There’s some symmetry to the fact that Jennifer Garner took a two-year break from movies after the homespun comedy Butter.
“Yes, Butter was a movie with a very serious message,” Garner says with a laugh about the butter-sculpture tale, while promoting her work in the awards-season head-turner Dallas Buyer’s Club – a movie that marks her return from being a full-time stay-at-home mom.
“I was not in any hurry to get back to work,” she says of her state of mind before accepting a role alongside Matthew McConaughey in the story of abrasive ’80s AIDS activist Ron Woodroof.
“When this came along, I didn’t even want to read it, because I had a feeling that it was one I couldn’t say no to.”
But she was won over by Canadian director Jean-Marc Vallee’s project – about a homophobic, carousing rodeo-rat who turns his worst nightmare, an AIDS diagnosis, into a global scheme to smuggle experimental drugs.
The decision was partly personal. ” I just lost a friend to AIDS not long ago, a really dear friend. I just think it’s so important that it’s brought back into the conversation. There’s a lack of education and a sense that it’s okay because there’s a cocktail (treatment).
“But the cocktail is not fun, and you will die before you’re ready to. It’s not the death sentence it used to be, but it’s not the flu.
“This movie woke something up in me. And my husband (director/actor Ben Affleck) has always said to me, ‘You’ve got to work, go to work, go to work.’ And I’ve said, ‘I should be home, this is confusing, how do I do this?'”
Affleck freed her up, staying home with their three children in a hiatus between finishing Argo and taking it on an Oscar-bound promotional tour.
“We figured it out with the schedules and schools. He was home while I was doing this movie, and after I was done he had to travel and was busy getting his movie up and out and travelling for award stuff.”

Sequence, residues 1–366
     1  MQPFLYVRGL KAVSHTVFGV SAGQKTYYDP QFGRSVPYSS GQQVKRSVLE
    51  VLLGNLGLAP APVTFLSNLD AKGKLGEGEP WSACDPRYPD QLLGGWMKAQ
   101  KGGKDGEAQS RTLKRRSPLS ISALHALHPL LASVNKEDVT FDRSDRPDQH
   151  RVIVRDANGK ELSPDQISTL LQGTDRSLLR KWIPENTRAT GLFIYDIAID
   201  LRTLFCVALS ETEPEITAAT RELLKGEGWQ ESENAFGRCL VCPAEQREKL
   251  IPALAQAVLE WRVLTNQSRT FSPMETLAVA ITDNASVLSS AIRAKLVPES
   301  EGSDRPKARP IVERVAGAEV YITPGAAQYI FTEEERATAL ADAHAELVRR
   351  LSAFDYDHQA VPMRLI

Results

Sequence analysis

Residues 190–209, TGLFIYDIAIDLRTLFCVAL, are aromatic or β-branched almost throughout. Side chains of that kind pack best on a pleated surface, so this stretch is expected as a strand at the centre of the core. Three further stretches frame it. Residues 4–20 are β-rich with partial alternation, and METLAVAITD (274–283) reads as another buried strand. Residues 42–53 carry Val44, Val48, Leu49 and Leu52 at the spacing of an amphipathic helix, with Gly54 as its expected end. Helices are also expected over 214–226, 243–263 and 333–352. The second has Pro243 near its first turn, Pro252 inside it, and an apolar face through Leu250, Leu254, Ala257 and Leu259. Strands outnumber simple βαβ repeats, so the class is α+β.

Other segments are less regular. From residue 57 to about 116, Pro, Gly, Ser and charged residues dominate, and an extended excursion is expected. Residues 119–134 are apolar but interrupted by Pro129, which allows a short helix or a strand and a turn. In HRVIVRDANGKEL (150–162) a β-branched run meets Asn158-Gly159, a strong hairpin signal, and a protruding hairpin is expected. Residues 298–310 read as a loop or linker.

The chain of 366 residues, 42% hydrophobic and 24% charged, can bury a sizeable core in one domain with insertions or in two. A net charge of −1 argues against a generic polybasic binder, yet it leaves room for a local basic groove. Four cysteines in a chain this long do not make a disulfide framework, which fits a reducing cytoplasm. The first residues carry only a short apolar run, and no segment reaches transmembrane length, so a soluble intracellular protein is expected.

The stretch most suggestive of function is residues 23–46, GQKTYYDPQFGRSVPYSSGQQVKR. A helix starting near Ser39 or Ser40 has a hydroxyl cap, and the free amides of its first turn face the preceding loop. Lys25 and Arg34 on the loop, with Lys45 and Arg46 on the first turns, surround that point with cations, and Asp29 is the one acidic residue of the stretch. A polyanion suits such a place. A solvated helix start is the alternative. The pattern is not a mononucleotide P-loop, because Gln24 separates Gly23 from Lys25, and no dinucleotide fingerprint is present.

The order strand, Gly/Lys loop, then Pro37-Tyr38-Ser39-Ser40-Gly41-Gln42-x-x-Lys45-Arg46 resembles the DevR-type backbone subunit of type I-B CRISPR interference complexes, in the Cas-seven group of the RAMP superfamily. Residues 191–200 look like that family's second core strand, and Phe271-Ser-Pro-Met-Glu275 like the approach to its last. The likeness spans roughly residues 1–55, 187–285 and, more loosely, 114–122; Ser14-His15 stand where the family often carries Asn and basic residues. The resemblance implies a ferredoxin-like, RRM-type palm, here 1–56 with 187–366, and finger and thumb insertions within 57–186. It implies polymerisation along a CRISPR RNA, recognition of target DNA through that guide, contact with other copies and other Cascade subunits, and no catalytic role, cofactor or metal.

The schedule juggling was a wakeup call for the idle actress. “Doing this movie kind of reminded me that, ooh, I love my job!” she says. “I was really glad to go to work. I can see in my performance, I had a few days where I was creaky. It was hard for me to fully engage, my head was at home. But it all came back.”
Garner plays a composite character named Eve Saks, an AIDS researcher who becomes frustrated over the medical establishment’s embrace of the toxic AZT and heel-dragging over alternative treatments. She joins Woodroof’s cause after her trans-gendered best friend Rayon (Jared Leto) effectively becomes his business partner.
“When I first started, they told me it was a true story. And I researched and Googled and I thought, ‘Where was Eve Saks?’ But of course, she was fictional.
“There wasn’t a message. I just wanted to convey the arc of my character. She was part of the establishment and came from a black and white world. And her outlook changed.”
Dallas Buyers Club marks Garner’s return to the role of part-time mom. Since then, she’s filmed the upcoming Draft Day with Kevin Costner, Imagine with Al Pacino, and the family film Alexander And The Terrible, Horrible, No Good, Very Bad Day with Steve Carell.
Not surprisingly, they are lighter than Dallas Buyers Club.
“I don’t judge pop culture. It all has value,” she says. “The job in general is to reflect society back to itself.”